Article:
Another mistaken idea that cropped up frequently in the interviews is that older women do not need to have Pap tests if they are no longer sexually active and are feeling well. "There's nothing wrong with me, so why should I go to the doctor?" one woman remarked.
The women referred to other difficulties, related to their home-making role, that cause them to put off their own needs. "Who'll serve your father his dinner?" one woman asked her daughter, when the younger woman urged her mother to go in for a Pap test.
The study also found that women are not always well enough informed about the continuing precautions they need to take to prevent the illness.
A 38-year-old mother of nine from Chaco has never had a Pap test in spite of the many times she has attended health clinics for antenatal care and childbirth. Evidently the health system is failing here, the authors said.
The women's most common sources of information about cervical cancer are television, radio and other women. The health system, in contrast, was not frequently cited as a source of knowledge.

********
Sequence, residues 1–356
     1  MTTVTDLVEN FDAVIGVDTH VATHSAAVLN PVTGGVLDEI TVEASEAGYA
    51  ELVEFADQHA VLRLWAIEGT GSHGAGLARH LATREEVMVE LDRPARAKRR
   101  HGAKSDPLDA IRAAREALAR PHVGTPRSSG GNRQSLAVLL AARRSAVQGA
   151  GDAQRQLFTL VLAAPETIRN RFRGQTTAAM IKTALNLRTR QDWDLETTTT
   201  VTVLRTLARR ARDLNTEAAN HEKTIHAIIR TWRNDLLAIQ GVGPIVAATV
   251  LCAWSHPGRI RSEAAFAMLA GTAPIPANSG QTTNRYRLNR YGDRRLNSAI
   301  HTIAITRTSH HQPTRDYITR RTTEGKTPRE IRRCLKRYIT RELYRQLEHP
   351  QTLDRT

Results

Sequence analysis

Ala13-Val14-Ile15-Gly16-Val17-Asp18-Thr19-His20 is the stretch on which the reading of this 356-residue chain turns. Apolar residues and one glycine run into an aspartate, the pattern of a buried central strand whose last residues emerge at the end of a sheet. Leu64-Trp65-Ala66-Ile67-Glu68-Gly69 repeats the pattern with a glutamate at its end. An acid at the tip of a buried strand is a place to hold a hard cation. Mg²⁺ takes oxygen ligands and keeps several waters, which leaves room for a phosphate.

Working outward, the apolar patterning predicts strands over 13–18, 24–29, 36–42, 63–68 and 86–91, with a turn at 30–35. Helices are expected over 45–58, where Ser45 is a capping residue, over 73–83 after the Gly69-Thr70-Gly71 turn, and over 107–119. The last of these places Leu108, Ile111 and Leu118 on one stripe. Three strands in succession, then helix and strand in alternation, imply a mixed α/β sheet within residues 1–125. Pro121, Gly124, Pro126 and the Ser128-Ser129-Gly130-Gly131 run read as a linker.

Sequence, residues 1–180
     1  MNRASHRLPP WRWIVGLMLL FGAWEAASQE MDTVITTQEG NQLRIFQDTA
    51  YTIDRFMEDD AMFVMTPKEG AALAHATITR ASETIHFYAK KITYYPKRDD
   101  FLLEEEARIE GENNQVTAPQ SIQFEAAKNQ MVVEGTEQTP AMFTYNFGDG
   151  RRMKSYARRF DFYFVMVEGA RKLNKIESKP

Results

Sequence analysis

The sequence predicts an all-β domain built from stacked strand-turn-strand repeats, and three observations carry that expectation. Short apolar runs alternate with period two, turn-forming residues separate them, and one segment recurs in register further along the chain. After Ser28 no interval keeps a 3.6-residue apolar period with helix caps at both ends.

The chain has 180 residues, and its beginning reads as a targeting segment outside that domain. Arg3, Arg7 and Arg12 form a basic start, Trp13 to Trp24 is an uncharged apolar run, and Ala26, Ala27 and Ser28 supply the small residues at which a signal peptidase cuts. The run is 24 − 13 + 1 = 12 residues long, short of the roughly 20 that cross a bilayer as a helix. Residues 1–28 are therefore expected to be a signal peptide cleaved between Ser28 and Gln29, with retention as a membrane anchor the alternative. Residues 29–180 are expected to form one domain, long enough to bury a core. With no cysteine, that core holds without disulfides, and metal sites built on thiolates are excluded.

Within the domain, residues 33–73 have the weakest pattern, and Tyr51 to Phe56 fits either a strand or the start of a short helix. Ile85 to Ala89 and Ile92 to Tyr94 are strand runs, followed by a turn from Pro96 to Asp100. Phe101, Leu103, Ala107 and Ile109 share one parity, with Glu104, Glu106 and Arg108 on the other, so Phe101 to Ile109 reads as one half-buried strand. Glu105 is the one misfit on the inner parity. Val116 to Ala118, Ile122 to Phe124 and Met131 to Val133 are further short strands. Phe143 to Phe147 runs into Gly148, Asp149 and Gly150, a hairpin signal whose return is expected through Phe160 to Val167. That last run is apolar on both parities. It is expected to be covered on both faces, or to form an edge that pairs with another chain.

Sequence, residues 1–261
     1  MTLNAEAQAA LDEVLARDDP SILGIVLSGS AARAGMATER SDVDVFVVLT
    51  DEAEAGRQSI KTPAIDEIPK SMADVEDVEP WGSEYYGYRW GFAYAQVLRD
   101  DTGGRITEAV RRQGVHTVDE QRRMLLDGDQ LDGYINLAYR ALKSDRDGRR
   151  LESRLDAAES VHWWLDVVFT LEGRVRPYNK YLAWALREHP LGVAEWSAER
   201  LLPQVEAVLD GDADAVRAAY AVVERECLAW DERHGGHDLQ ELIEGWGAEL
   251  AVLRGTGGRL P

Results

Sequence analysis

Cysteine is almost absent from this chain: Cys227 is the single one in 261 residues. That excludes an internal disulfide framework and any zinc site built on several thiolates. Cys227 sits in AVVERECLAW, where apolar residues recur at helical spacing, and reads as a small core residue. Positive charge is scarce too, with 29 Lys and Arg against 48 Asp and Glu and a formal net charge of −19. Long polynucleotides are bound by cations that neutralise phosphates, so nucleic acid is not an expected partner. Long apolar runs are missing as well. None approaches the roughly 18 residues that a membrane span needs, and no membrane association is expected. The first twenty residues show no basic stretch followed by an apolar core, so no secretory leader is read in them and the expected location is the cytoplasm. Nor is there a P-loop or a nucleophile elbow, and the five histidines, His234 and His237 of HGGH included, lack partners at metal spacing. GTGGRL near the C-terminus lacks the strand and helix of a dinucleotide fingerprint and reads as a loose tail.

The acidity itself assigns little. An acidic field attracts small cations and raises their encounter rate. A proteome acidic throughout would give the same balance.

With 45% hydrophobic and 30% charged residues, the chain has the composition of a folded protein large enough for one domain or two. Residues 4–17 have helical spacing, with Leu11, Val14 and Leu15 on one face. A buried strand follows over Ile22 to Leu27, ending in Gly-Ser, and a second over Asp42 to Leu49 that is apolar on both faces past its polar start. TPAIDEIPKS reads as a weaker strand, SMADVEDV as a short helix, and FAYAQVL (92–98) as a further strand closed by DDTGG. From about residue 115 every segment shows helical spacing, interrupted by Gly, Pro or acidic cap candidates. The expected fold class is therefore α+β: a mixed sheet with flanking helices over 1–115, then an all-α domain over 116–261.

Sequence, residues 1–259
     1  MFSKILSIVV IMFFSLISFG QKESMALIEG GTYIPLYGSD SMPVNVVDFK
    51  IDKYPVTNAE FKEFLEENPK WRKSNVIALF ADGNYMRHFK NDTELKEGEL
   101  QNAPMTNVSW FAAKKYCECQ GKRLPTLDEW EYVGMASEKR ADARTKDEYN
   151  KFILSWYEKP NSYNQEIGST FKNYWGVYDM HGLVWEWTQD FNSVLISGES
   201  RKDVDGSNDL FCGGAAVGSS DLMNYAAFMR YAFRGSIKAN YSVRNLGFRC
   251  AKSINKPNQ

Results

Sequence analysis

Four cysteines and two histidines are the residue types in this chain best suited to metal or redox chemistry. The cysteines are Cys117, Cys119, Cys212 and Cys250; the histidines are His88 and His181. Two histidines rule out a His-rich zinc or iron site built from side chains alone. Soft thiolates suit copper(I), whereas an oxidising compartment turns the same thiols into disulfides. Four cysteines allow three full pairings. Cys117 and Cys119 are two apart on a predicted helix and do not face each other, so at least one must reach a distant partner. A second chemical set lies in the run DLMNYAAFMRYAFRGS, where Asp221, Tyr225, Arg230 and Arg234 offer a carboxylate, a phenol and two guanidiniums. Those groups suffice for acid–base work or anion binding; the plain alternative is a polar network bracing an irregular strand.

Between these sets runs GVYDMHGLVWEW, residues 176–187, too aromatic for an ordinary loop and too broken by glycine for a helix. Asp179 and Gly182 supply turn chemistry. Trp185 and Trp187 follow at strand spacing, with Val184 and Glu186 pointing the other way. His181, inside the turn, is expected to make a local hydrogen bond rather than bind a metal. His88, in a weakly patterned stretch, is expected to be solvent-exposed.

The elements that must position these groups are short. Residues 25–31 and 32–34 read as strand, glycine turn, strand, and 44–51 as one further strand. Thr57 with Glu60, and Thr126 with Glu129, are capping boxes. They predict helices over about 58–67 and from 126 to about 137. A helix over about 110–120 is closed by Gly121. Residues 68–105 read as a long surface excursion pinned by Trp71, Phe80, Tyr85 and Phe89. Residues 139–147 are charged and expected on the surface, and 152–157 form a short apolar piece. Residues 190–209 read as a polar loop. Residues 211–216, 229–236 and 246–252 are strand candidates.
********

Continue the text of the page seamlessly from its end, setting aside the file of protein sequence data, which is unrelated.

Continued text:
Several women call cervical cancer "la pudrición" ("rot" or putrefaction), because of the fetid odour of vaginal discharge when the cancer is in an advanced state. They are fatalistic and pessimistic about the disease, and in some cases they say directly that "there is no cure."
Another worrying finding is that some women have a Pap test, but do not return for the test result. According to the authors, this would seem to indicate that they do not fully understand the importance of having the test and then following it up.
In general, the respondents also showed "a complete lack of knowledge" that untreated HPV infection is the main cause of cervical cancer.